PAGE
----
Chicago–A new event, the Chicago Responsible Jewelry Conference, is set to take place at Columbia College in downtown Chicago this fall.
Slated for Oct. 13 and 14, it will provide education and tools for jewelers, suppliers, educators, students and consumers, teaching attendees how to be more active in ensuring that the jewelry they make, sell and buy meets higher standards for social and ecological well-being across the world.
The conference will be emceed and moderated by Andrea Hill, owner of Hill Management Group.
The speaker lineup includes the following:
–Toby Pomeroy, who helped bring ethical gold to the forefront through his close work with Hoover & Strong;
–Stewart Grice, Hoover & Strong’s vice president of mill and refining and a top material science expert;
–Christina Miller, co-founder of Ethical Metalsmiths;
–Monica Stephenson, owner of Anza Gems and writer and publisher of the jewelry industry blog iDazzle;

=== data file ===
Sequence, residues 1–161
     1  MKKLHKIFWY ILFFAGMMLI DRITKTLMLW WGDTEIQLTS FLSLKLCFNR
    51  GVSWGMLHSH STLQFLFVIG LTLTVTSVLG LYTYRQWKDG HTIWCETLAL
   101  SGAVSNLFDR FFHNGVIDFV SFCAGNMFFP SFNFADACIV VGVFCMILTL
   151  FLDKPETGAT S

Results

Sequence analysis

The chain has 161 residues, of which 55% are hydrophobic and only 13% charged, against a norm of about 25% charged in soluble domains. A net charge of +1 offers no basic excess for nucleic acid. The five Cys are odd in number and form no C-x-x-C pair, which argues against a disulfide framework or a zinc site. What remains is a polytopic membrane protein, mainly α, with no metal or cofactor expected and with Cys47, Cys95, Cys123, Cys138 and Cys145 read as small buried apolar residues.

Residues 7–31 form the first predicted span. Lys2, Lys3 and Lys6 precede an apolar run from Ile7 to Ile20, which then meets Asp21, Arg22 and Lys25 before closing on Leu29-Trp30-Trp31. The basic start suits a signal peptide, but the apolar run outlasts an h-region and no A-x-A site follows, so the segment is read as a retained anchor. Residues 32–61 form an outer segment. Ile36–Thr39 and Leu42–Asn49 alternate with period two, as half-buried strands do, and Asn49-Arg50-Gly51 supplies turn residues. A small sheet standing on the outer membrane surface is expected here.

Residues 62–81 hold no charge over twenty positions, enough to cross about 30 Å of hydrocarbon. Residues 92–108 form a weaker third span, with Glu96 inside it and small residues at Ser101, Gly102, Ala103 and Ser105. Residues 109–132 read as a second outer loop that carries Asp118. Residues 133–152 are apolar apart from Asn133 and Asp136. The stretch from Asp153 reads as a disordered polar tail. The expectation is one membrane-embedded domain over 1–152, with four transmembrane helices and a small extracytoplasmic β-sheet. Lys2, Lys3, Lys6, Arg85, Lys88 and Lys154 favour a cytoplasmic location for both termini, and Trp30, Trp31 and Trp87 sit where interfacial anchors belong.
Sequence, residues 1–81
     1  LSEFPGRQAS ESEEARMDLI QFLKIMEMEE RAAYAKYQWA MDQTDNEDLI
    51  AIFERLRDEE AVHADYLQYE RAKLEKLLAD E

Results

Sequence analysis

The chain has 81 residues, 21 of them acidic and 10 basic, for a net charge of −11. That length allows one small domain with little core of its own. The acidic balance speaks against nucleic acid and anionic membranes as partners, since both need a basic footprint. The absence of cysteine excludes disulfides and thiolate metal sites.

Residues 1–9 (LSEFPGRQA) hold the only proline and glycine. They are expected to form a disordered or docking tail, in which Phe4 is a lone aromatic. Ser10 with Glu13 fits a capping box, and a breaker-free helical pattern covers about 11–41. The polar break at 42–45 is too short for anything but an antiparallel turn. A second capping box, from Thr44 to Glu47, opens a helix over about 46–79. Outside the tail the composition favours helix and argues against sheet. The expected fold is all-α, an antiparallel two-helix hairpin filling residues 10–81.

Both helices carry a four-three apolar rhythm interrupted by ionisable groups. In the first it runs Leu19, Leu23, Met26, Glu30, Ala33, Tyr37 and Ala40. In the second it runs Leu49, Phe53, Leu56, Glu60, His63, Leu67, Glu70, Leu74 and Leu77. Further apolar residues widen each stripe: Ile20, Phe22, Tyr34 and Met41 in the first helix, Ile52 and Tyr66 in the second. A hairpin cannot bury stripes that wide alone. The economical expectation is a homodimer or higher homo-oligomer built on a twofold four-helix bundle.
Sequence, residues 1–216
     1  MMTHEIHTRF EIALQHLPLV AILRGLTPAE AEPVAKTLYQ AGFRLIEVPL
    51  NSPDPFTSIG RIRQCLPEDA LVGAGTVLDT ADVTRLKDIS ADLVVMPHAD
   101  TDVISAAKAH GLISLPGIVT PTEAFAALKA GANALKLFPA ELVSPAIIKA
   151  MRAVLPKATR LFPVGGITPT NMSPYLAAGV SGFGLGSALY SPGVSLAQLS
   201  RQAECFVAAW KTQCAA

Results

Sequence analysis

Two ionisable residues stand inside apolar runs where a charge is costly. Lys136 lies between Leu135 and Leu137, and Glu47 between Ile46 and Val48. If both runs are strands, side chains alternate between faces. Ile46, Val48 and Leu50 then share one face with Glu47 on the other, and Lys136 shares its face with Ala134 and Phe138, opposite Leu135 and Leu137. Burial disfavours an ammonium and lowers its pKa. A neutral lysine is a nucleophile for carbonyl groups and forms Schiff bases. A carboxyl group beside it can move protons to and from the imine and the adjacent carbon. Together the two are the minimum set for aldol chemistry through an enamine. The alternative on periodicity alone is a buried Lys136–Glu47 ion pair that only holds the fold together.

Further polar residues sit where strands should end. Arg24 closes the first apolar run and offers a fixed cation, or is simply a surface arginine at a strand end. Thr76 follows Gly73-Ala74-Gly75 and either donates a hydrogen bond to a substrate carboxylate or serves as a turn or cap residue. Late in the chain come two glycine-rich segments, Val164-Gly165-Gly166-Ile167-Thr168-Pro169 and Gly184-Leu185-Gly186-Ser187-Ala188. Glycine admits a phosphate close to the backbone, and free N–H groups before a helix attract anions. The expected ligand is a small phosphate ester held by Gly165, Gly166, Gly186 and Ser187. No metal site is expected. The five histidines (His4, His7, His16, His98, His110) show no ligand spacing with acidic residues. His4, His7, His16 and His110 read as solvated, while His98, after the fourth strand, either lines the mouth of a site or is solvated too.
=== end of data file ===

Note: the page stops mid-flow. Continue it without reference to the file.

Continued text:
–Eric Braunwart, owner of Columbia Gem House and a pioneer in sourcing colored gemstones ethically;
–Elizabeth Orlando with the U.S. Department of State;
–Patricia Syvrud of Jòia Consulting;
–Cristina M. Villegas, senior program officer at Pact World’s Mines to Market; and
–Orin Mazzoni, producer of the mine-to-market documentary “Sharing the Rough.”
In addition to two days of information sessions, the conference will host a screening of Mazzoni’s documentary, open to all conference attendees and members of the public.
Susan Wheeler, of Susan Wheeler Design, initiated The Chicago Responsible Jewelry Conference. She is a member of Ethical Metalsmiths and serves on several committees for the Jewelry Industry Summit, a responsible sourcing conference that’s in its second year.
The Chicago conference is being held in collaboration with Ethical Metalsmiths, which will host an online auction of jewelry on Monday to raise additional funds for the conference.
It also is being sponsored by MJSA, with more sponsorships to come.
Tickets are $200 until Sept. 15 (not including tickets to the film screening). After that, the price increases to $300. Students can get discounted tickets (with a student ID) for $100.